But not a sound! The chickens were even quiet. No sound of the rooster raising a ruckus or even the hens singing. Strange.
Ben noticed all this as well. He really didn't like the barn, not since the experience he'd had last winter when he had come out to milk. ('Morning at the Barn') But Jack and the rest of the family knew nothing about that and he wasn't about to tell them now.
"Mr. Johnson?" Jack called as they entered the front of the barn."Mr. Johnson, can you hear us?"
They moved from the glaring light of the midafternoon sun into the dim, cool gloom of the hallway. You could smell the musky fragrance of the hay that lay on the hard clay floor, mixed with cow manure that, by spring, would yeild some great fertilizer for the garden and the flower beds.
They continued into down the hall, looking into each stall they passed, beginning to be concerned. After all, Mr. Johnson wasn't young and people did die from heart attacks and such.
They opened the tack room and Ben searched it. This was his favorite area, since it held all the hanes and harnesses used with the mule. Traces were hung on the wall along with girths and headstalls. The collars had their own section since they needed to be cleaned and oiled more often than the rest. The smell of leather permeated every inch of the room.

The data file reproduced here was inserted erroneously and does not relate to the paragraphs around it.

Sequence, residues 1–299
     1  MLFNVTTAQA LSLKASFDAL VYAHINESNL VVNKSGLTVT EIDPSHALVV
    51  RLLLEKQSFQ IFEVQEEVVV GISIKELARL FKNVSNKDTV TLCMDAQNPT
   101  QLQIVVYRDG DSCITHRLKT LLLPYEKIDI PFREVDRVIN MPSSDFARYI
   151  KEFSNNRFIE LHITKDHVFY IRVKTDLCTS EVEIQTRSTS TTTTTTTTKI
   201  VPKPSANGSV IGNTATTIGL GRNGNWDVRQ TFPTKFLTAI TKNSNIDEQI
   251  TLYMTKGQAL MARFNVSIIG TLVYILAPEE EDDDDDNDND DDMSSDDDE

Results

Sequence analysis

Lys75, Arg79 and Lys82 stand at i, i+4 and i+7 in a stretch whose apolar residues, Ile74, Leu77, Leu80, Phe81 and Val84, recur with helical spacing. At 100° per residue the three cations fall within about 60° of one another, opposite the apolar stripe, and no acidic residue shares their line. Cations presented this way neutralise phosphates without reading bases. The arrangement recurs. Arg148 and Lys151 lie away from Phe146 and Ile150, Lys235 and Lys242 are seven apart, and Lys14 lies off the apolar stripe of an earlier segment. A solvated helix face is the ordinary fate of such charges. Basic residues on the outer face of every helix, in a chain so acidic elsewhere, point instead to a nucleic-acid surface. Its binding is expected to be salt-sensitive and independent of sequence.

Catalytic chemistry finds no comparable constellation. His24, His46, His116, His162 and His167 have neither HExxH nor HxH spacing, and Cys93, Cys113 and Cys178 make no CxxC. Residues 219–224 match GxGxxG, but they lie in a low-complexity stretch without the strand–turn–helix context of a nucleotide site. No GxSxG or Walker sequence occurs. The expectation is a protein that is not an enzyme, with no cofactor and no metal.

He looked under and behind everything in the room, but no old man.
"Jack, you see anything?"
"Nope, nothing. But I know I saw him come in here. And there wasn't anywhere for him to go without someone seeing him."
"Think maybe we should check the loft?" Ben asked.
"Might as well, though I doubt he would go up there. No reason to."
They scrambled up the ladder to the loft where they stored the winter's supply of hay. When the cold hit, the grass would die and the cows and mule had to have something to eat.
The two young men searched high and low. They left no bale of hay unturned, so to speak. But could find no sign that the old man had been there.
"Well," Jack said, "he ain't in the barn. Danged if I know where he went, but he's not here."
Last but not least, they went to the rear entrance to see if, maybe, he had fallen or something before he actually got into the barn. Here they found footprints in the soft manure leading in, but none going out!
They got back to the house just as Ma and the girls were setting supper on the table and advised them of their unsuccessful search. No one had any answers and, after much discussion around the table, the subject was dropped for talk of chores that must be done prior to winter coming on. The mystery was put aside. Untill the next day, when word came of the passing of Mr. Johnson. Seems he had died in his sleep the night before. Strange thing was, there was dried cow manure on his boots. That was strange, since it seems that he had been bedridden for nearly a week according to his niece who had come to stay for a few days. And she had cleaned his boots two days before.